1. Customer/Licensee/Client notifies and requests transfer by Company/Licensor/Vendor within 90 days of the termination of this Agreement;
  2. Customer/Licensee/Client verifies and certifies to Company/Licensor/Vendor that the data security measures in use by Alternative Service Provider are reasonable and sufficient for the security of the Registration Data;
  3. Customer/Licensee/Client indemnifies and holds harmless Company/Licensor/Vendor for any use or misuse of the Registration Data by Alternative Service Provider;
  4. Company/Licensor/Vendor transfers such data within 60 days of notice by Customer/Licensee/Client;
  5. Formats of the data shall in CVS, XML or other similarly accepted and non-proprietary data formats generally used for data transfers.   If data is encrypted, it will be encrypted with a publicly-available technology and all needed documentation for its decryption will be provided to Alternate Service Provider.  Transmission will be via FTP or standard CD or DVD disks.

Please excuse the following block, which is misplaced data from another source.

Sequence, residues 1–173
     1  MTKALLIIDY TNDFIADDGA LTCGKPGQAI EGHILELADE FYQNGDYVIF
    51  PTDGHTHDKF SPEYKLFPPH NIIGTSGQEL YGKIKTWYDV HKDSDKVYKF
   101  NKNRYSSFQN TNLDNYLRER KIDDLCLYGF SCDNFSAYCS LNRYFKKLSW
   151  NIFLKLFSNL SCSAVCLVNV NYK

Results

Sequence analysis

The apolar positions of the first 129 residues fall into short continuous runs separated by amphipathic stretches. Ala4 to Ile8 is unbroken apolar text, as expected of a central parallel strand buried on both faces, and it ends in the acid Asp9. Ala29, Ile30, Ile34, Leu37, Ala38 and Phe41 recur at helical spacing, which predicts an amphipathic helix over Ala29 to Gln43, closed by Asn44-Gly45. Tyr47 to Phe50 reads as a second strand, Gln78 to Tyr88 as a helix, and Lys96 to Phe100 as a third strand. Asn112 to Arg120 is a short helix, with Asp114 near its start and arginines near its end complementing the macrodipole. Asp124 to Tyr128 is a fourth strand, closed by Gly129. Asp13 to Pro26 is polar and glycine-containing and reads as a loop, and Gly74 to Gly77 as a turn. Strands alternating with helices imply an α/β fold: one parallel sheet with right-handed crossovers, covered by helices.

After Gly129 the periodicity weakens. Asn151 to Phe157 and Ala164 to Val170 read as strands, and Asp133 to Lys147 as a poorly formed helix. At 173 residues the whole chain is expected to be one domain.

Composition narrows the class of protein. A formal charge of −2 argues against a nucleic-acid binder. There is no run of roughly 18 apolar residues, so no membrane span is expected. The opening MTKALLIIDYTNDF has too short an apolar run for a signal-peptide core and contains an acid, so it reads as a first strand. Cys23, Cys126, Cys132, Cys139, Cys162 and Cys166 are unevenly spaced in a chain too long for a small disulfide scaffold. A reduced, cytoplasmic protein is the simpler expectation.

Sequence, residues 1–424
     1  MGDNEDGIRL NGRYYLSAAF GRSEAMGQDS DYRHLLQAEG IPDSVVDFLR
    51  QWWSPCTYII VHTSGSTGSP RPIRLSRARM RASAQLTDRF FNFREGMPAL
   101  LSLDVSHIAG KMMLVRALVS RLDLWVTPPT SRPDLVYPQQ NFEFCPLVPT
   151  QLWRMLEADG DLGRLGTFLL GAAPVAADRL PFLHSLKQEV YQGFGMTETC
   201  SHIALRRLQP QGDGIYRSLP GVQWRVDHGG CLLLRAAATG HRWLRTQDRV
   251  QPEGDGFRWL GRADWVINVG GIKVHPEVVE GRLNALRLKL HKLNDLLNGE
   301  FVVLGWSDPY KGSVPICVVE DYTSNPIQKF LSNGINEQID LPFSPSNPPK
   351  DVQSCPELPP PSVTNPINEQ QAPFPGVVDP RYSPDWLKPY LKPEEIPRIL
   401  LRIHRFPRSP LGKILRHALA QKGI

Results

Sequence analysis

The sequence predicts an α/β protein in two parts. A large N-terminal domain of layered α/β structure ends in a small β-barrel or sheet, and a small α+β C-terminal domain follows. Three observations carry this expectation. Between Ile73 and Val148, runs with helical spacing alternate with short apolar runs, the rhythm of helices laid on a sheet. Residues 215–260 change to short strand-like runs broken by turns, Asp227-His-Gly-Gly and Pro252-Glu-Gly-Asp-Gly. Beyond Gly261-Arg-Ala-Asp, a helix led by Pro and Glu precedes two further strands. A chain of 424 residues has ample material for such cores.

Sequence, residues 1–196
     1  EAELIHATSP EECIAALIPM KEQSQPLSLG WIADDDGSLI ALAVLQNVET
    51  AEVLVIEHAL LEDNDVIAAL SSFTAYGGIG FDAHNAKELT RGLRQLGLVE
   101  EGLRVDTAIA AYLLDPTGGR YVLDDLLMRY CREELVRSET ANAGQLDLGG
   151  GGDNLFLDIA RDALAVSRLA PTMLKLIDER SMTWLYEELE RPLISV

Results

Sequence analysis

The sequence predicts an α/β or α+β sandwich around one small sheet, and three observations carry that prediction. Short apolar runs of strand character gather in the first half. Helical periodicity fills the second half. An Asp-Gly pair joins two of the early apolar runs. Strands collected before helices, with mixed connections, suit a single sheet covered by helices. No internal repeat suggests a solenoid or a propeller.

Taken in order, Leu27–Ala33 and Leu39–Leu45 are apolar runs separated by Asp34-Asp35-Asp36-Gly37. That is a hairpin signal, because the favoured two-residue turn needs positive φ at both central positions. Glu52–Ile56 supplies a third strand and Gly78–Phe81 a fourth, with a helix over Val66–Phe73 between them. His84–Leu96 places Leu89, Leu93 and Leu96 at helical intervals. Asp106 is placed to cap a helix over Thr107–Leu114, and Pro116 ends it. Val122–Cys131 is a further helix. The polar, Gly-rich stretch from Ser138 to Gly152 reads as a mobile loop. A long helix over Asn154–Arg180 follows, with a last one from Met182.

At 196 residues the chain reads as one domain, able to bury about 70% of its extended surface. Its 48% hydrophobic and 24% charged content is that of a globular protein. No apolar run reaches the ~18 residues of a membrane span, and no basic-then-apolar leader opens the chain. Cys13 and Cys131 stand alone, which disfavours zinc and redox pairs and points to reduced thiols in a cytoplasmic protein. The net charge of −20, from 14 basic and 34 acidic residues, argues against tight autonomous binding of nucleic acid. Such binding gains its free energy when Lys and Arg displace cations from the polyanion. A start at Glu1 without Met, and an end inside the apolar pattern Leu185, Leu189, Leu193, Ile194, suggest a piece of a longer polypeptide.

6. Failure of Company/Licensor/Vendor to comply with this provision will result in a payment by Company/Licensor/Vendor to Customer/Licensee/Client of $3 per Registration Data record as liquidated damages. 

It’s time to get serious about making alert registration easy

We just went through three recent news stories about emergency alerts.  All of them encouraged residents to sign up for their local alert service.  None of them made it easy.

Here are some of the problems we found:

  1. No clickable link.  In two cases the story just said to go to the county or city web page and find the link.  But these are online articles, so why not at least provide the URL or a hyper-link?
  2. No direct link.  Even if the reader found the county/city web page, that’s not the right address.  You almost always have to click a link on that page to get to the actual signup page.